What makes a good restaurant? Is it the food? The atmosphere? Whatever it is, customers want to find an experience that speaks to them — a place that keeps them coming back for more. With this in mind, six student groups representing engineering design, graphic design and culinary arts collaborated for 11 weeks to conceptualize and design restaurants to meet that challenge. They also set out to impress five potential investors, competing for the top two spots to launch their business ventures.
“Our students welcomed this collaboration with open arms,” says Chef Rizwan Ahmed, a culinary instructor with JWU’s College of Culinary Arts who teaches The Professional Kitchen. “Once the groups and concepts were established, the line of communication was seamless. To see how our student’s concepts moved from ideas on paper to actual graphics and design, proved this collaboration to be a success.”
Walter Zesk, assistant professor in the College of Engineering & Design, agrees. “I think [the collaboration] was done in a really productive structure,” he says. “The purpose of the class was to require students to really get to the end of a product, and also to manage the complexities of dealing with different people and different clients.”
This is what we feel can differentiate our major from other design programs.”
Zesk adds that for experience design students, one of the best parts of the collaboration was the ability to interact with real clients and get their feedback in real time. “This is what we feel can differentiate our major from other design programs.”
The students, 77 in total, worked to identify and select potential restaurant locations in Rhode Island (either existing restaurants or vacant buildings). Then they visited the venues to take physical measurements of the space to design their restaurant concept specifically to that space.
Putting It All Together
At the end of the 11 weeks, the groups presented their final ideas to a panel of five investor-judges detailing their business proposals, graphically designed marketing collateral and space plans designed to enhance the customer experience. The project also required that the groups host a soft opening as well as a grand opening of the restaurants, to showcase the cuisine and design work. The concepts were presented under the following names: Half Sour, Hiraeth, Lellos, Passion, Oceanum and Esoré.
“First impressions matter,” says Ahmed. “In this day and age the successful exchange of information and ideas between parties is of extreme importance for a business venture to gain traction. The deliverables by the design teams in this class showed our students the importance of creativity and branding. Without creative visuals it’s extremely difficult to pitch an idea. These visuals helped make our students business plans more viable to potential investors.”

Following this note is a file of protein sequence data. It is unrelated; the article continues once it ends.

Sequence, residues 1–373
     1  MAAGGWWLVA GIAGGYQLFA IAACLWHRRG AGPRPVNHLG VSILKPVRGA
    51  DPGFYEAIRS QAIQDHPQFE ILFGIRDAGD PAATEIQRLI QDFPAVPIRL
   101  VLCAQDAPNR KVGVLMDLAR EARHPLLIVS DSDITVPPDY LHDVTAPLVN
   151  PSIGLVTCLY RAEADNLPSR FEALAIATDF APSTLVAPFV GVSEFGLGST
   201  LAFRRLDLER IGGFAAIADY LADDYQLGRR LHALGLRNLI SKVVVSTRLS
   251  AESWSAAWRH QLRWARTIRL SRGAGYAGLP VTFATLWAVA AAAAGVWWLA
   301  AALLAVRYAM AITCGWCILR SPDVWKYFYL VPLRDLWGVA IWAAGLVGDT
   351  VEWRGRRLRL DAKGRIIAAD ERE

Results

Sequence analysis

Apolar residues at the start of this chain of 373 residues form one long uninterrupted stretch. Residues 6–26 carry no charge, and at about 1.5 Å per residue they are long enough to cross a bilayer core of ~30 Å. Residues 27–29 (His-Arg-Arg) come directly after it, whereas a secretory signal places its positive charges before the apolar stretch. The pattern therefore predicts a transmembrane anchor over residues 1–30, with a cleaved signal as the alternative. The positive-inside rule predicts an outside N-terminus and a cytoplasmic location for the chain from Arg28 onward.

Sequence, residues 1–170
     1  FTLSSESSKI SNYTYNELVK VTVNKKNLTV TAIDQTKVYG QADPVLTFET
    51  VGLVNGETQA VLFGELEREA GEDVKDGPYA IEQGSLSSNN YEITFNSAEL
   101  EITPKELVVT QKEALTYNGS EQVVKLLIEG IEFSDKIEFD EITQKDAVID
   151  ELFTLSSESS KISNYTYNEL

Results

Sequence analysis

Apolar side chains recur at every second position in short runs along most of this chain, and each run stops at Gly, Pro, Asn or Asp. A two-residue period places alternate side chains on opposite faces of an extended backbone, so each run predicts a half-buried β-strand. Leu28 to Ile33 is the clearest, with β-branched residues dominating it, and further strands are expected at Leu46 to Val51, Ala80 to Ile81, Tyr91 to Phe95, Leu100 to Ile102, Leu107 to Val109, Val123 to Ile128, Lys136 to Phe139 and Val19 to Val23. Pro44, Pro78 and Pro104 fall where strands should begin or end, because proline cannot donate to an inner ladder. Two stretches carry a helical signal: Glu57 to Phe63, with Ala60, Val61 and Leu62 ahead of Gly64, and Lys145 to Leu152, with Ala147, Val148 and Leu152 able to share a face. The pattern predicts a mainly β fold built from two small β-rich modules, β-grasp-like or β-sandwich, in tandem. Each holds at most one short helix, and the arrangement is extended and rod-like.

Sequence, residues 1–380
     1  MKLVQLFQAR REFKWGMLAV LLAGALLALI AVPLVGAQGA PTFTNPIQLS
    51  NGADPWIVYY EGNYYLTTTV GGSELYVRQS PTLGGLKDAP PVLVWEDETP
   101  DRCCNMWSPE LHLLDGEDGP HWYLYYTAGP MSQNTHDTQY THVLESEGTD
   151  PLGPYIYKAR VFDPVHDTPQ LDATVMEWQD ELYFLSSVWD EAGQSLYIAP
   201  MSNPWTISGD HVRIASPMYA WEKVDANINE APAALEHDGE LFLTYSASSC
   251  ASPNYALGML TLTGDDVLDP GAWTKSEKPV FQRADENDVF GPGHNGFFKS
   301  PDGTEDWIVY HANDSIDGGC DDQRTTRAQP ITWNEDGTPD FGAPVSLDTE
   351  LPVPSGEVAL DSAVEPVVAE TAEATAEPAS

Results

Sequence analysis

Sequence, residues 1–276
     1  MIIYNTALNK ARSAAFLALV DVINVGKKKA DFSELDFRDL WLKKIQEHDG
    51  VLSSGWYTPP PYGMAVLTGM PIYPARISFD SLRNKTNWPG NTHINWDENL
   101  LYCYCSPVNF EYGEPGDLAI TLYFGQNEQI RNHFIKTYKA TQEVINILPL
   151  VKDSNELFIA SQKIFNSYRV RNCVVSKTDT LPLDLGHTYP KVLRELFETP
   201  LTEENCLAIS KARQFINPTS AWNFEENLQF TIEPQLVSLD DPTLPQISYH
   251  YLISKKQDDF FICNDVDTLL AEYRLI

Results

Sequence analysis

First impressions matter.”
According to Ahmed, judges looked for the following when evaluating the restaurant concepts:
- Proof of concept: Did the teams have a solid business proposal in relationship to market trends and industry analysis?
- Proof of collaboration outside of the course: What was the use of design teams’ portfolio in terms of concept and its benefits to the overall plan?
- Oral presentation: Did the teams market themselves to entice the audience?
- Return on investment (ROI): Is the concept feasible and will it turn a profit?
- Financial statements: Did the start-up costs and financial forecasting justify approval from investors?
“Oceanum and Hiraeth scored high points in all of these categories and were selected by the investors as viable choices for successful business ventures,” says Ahmed.
A Different Kind of Collaboration
Having so many elements to consider during the conceptualization phase pushed the collaboration to new heights, says Deana Marzocchi, department chair and associate professor. “This [type] of collaboration is very valuable for our students because there’s a real business aspect to it.”
“The teams were asked to really think more in depth about what style their restaurants were going to incorporate, and about so many other components,” Marzocchi adds.
In addition, Marzocchi notes that this is the first interdisciplinary collaboration to include design engineering students as team members. “Having the engineering design team involved really showcased that department, because having the 3-D build design ability with the 2-D graphic design work really enhanced the deliverables.”
Elevating Experiences Through Design
JWU’s experience designers, were in charge of enhancing the overall customer experience for each concept, something Zesk says is easier said than done.
“They had to develop the space plans with the goal of taking the business plans and turning them into plans that really maximized the ability of that space to earn money,” Zesk adds.
“Students developed an experience design utilizing the interior space. They had to turn the space into something that really stands out and differentiates the space to allow for a unique experience — an experience that ultimately contributes to the value that the restaurant provides to its customers. That’s probably one of the hardest things to do.”
Experience design is undeniably important to any restaurant.”
This is a challenge Zesk’s students embrace as part of their learning process. “Experience design is undeniably important to any professional workplace, school, or in this case, restaurant,” says Matthew Shane Kaseta ’19, one of the engineering designers with the Hiraeth team. “When you consider customers, you want them to not only be comfortable, but you want to leave [them with] a positive, memorable experience so that you can grow your business. If a space is uncomfortable, people will leave before they even make it through the door. From layout and circulation, to lighting and color palette — it's all part of the experience.”